Yorkshire can sell lamb and Wensleydale cheese to discerning Americans after US trade deal, says Scarborough MP Robert Goodwill

Yorkshire will be able to sell Yorkshire lamb and Wensleydale cheese to "discerning customers" in America if a US-UK trade deal is agreed, according to one of the region's Conservative MPs.

Whitby and Scarborough MP Robert Goodwill said UK law would protect the region's producers from being undercut by any lowering of food standards should a post-Brexit trade deal be struck with Washington.

It comes amid reports that the Government has abandoned hopes of reaching a US-UK trade deal ahead of this autumn’s American presidential election.

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Mr Goodwill was among the Conservative MPs who voted down an amendment to the Trade Bill which would have given Parliament a "yes/no vote" on the negotiating objectives and the final draft agreement with the US.

His fellow Tory, York Outer's Julian Sturdy, backed the amendment and said any lowering of animal welfare and food standards in a trade deal with the US would have a huge impact in Yorkshire because of its producers' high standards.

Mr Goodwill said UK law would already offer protections against the food quality concerns many people held when they were automatically transferred into UK law from EU legislation at the end of the transition period.

He said the Trade Bill amendment, which would have given Parliament a definitive say on post-Brexit trade deals, would only have stymied progress if other negotiating partners thought an agreement with the Government could then be unpicked by MPs.

Foreign Secretary Dominic Raab (left), walks up the Grand Staircase inside the Foreign and Commonwealth Office (FCO) in London, with the United States Secretary of State, Mike Pompeo, as they arrive ahead of a working lunch. Pic: PA

And the former Minister, who still works as a farmer, said he did not believe supermarkets would sell lower quality products even if they could be sold in the UK.

He told The Yorkshire Post: "Does anyone seriously consider Waitrose or M&S or Asda would be selling lower quality products?"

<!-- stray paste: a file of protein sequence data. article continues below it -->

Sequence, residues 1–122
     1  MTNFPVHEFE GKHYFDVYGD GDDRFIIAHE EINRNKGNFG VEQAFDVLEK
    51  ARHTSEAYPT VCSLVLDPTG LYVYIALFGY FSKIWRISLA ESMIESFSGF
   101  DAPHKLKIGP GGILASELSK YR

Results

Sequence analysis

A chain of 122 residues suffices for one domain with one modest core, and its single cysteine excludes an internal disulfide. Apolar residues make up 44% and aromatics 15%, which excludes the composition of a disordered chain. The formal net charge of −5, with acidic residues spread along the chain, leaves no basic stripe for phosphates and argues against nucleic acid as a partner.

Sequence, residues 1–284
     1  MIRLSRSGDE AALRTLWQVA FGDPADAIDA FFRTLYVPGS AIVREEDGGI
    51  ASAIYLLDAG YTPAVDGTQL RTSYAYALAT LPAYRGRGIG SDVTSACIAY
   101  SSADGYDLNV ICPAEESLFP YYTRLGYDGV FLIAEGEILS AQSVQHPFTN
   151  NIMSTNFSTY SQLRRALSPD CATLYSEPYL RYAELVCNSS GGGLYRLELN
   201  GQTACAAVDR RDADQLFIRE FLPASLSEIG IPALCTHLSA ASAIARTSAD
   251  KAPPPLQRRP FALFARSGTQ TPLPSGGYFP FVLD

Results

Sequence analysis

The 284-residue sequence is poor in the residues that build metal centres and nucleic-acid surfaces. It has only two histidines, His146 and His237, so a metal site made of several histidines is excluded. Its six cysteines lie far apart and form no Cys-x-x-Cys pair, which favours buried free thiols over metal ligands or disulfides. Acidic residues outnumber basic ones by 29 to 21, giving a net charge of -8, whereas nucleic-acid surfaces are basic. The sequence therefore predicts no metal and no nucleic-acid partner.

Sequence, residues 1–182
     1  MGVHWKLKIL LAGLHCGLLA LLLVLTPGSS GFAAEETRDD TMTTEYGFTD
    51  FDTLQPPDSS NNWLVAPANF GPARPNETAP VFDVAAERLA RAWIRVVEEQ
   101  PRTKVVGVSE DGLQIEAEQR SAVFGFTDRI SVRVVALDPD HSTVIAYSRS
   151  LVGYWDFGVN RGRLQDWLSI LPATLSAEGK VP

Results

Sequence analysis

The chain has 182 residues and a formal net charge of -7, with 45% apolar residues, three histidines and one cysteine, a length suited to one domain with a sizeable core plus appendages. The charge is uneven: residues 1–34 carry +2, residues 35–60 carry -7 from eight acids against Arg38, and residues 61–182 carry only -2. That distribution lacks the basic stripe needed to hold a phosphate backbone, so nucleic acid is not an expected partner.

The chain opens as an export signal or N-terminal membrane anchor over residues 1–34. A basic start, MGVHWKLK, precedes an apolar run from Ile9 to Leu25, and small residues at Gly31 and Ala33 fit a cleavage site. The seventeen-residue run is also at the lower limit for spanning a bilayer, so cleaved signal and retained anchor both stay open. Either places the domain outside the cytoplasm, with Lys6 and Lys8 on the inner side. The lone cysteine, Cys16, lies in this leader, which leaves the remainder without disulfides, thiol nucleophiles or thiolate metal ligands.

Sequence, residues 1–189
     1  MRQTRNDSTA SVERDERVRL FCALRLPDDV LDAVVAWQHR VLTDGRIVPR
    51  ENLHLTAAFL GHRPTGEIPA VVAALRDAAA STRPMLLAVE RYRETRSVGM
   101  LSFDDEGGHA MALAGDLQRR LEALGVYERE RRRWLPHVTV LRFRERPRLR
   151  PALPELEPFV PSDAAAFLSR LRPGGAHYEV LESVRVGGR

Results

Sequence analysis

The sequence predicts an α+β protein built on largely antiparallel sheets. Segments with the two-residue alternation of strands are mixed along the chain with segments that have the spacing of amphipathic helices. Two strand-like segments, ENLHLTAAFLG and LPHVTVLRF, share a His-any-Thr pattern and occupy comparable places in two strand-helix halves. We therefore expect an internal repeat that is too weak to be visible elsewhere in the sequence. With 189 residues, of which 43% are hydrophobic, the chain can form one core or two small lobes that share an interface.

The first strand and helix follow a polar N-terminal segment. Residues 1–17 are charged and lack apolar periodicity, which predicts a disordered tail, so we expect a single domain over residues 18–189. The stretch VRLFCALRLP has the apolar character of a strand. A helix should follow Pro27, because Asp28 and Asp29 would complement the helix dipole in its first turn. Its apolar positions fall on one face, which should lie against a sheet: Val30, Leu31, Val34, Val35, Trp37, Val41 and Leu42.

Waitrose and Aldi have both recently vowed to never sell chlorinated chicken or hormone-injected beef.

The Co-op supermarket chain previously said it was the first retailer to switch all of its fresh meat products to 100 per cent British produced in 2017, and Morrisons has also committed to sell 100 per cent fresh British own-brand meat, milk and eggs in its stores.

A spokesman for Tesco previously said its position over the issue had not changed since last September when CEO Dave Lewis ruled out the supermarket giant selling chlorine-washed chicken.

And Mr Goodwill said: "America is a very large importer of lamb, I look forward to selling them Yorkshire lamb, Wensleydale cheese, or the high-tariff spirits we produce if we can get a free trade deal, because there are discerning customers in the US who would be delighted they can enjoy some of our products."

The Financial Times reported today that the UK government has abandoned hopes of clinching a US free trade deal ahead of the presidential election, with officials blaming the coronavirus outbreak for slow progress.

“Is it going to happen this year? Basically, no,” said one official quoted by the FT. Another was quoted as saying: “We don’t want to be bounced into a deal.”

Trade minister Liz Truss said last month that Britain had no deadline to strike a trade deal with the United States and she criticised the US administration for talking “a good game” on free trade while restricting import access.